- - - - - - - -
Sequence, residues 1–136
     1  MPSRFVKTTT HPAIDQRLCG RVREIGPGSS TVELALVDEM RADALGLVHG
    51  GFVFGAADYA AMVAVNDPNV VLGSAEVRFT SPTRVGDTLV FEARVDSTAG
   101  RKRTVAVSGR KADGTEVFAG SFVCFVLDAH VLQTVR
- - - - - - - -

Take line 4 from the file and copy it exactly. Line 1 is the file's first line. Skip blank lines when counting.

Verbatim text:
   101  RKRTVAVSGR KADGTEVFAG SFVCFVLDAH VLQTVR